Monday, February 14, 2011

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Healthier Valentine’s

Candy and Chocolate

posted by Greennii Feb 10, 2011 8:02 am
    I used to have a sweet mouth. Not a sweet tooth,
    that wouldn’tdo justice to my love of all things
    sugary. In my earlycollege days, I would
    stop at one of those stores entirelydevoted to
     candies, fill a lunch-sack sized bag, take it
     to my three-hour writing seminar and share it
    during class with my best friend. We would
     finish the bag.  And we didn’t share.

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    I’ve moved on from my sugar-induced writing
     binges and don’t really enjoy sweets like I
     used to, but since Valentine’s is just around
    the corner, I thought I should see what’s out there.
     Several options appeal to me in the candy
    category (I’m taken with the extra-big heart lollipop)
     and any of the dark chocolates on the next page
    are fair game if you put them within my reach.
    Note: Ingredients in those little Necco
     “conversation” hearts?  Sugar, corn
     syrup, corn starch, gelatin,  modified
    food starch, natural and artificial flavors,
    gum arabic, xanthan  gum, FD&C Colors
    (Red 3, Red 40, Yellow 5, Yellow 6, Blue1).

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    1. The Natural Candy Store: Online purveyor of all-natural, organic, non-hydrogenated candies.
    2. Surf Sweets: Gluten free gummy candies, made in a nut-free facility, corn syrup and GMO free, with only natural colors and flavors using organic fruit juice and sweeteners.
    3. Glee Gum: All natural colored and
    flavored gum.
    4. Real Healthy Stuff: Handmade candy
     with all natural flavors and colors,
     gluten free and no preservatives.
    5. Sugar Coated Organics: An online
    retailer carrying various organic
    candies with no artificial flavors or
     colors and no corn syrup. Many
     of their brands are gluten free,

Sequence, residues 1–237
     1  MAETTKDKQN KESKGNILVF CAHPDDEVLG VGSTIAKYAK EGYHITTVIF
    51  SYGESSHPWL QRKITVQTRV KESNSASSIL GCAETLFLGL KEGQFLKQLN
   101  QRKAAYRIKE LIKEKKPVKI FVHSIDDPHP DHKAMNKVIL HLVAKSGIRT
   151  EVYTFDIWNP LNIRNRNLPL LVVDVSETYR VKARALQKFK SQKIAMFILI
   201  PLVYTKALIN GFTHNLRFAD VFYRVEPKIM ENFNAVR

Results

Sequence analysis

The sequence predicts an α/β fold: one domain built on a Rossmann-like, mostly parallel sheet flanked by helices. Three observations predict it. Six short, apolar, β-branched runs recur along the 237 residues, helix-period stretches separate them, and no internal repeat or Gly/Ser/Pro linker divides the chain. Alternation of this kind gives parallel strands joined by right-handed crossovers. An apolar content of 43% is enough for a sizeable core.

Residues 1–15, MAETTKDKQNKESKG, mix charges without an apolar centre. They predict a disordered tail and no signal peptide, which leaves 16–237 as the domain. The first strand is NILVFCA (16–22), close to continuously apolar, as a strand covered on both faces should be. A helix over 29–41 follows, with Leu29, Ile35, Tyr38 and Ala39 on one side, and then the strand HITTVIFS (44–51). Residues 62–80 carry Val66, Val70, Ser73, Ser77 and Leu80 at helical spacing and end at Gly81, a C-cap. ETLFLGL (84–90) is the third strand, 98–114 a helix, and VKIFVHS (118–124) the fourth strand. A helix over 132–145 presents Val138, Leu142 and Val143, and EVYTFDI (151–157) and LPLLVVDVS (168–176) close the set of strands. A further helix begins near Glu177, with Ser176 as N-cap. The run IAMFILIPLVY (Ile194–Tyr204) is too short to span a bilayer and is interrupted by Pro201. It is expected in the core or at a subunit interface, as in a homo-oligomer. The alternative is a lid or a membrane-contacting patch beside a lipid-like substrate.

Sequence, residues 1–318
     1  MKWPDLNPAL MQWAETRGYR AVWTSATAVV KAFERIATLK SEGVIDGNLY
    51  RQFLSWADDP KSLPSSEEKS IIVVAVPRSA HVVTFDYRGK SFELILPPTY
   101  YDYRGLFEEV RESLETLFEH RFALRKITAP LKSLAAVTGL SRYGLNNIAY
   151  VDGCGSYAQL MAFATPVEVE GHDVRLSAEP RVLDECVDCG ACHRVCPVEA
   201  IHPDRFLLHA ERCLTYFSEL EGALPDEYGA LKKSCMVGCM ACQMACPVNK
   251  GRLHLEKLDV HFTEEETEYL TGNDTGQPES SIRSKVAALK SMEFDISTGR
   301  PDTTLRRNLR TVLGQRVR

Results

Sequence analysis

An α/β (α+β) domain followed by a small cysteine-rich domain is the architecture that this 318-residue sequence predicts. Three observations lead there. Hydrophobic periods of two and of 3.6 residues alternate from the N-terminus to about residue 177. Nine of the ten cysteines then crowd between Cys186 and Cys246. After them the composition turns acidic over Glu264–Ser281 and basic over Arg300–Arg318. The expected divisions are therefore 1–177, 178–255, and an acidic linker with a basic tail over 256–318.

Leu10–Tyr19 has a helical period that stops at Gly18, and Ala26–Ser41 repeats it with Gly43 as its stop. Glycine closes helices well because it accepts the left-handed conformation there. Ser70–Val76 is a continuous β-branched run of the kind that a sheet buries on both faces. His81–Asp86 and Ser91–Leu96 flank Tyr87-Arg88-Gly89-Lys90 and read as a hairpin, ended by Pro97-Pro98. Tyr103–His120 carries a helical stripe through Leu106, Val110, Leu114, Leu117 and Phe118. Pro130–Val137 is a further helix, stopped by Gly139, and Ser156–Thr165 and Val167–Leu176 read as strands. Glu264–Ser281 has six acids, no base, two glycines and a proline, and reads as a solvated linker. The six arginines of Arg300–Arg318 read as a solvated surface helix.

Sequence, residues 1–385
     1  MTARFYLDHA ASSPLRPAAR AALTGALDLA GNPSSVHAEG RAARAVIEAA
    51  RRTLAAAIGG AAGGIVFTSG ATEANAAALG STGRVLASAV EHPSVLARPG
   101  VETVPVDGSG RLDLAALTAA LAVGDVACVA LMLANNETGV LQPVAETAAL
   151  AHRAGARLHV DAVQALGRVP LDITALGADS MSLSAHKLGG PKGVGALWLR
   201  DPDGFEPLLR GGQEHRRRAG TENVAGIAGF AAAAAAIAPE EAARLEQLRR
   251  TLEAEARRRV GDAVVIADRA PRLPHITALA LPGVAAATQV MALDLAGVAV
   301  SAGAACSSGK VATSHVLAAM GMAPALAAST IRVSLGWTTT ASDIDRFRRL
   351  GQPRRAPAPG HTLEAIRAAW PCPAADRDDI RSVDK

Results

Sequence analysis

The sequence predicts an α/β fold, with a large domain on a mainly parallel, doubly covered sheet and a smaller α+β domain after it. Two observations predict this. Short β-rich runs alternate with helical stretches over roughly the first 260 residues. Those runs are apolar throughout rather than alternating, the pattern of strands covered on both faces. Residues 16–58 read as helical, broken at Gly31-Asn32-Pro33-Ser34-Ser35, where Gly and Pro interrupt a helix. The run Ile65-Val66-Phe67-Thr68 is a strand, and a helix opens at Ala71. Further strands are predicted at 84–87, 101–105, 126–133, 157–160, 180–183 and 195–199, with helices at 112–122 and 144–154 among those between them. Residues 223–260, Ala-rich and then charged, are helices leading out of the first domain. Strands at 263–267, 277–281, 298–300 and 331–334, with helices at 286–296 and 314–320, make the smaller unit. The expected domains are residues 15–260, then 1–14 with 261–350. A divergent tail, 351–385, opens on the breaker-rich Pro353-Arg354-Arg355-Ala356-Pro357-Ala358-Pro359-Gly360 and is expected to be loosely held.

nut free, dairy free or vegan.

    Note: Check out this fun article on one Analiese
    Paik’s experience hosting asustainble 
    chocolate tasting.

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    1. Theo Chocolate: The only organic, fair trade,
     bean-to-barchocolate factory in the US.
    2. Sweet Riot: “Sweetriot sources their cacao
     directly in Latin America, uses recyclable,
     reusable packaging which features emerging
     artists, and only uses all-natural, healthy
     ingredients for sweetriot’s dark
     chocolate ‘peaces.’”
    3. CocoaVino: Above and beyond just sustainable,
     organic and fair trade, they use 100% recycled
     packaging and purchase 100% wind-generated
    electricity for their kitchen and office facilities.

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    4. Dagoba: Fair trade chocolates, syrup and cocoa powder, from a company participating in both local and worldwide humanitarian and environmental stewardship.
    5. Endangered Species Chocolate: Fair trade,
     organic chocolates with a company policy to
     profit share 10% net by “providing grants to
     our 10% non-profit conservation partners
     and funding on-the-ground sustainable projects
     in areas where our cocoa is grown.”
    6. Sweet Earth Organic Chocolates: Fair trade,
     certified organic chocolates made in the USA.
    7. Coco Zen: Fair trade chocolates in steel
     tins (steel is the most recyclable metal) by a
    company participating in 1% for the planet.
    8. Rescue Chocolate: “From each chocolate
     purchased, 100% of the net profits are
    donated to animal rescue organizations
     around the country.” The company also
     uses biodegradable packaging and hand
    delivery by public transportation when possible.

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    In doing all of this luscious research, I
     began to consider that maybe I
    should surprise my husband with what
     we call a “brother” gift – something
     the recipient will enjoy just enough
     to make up for the fact that you
    really wanted to buy the thing for
    yourself. I have found my
     brother-Valentine’s-Day gift for sweet
     hubby: Dark chocolate covered
     figs infused with 
     port, by Cocoa Vino.
    They come in a package of four. Should I
     give him one, or two?

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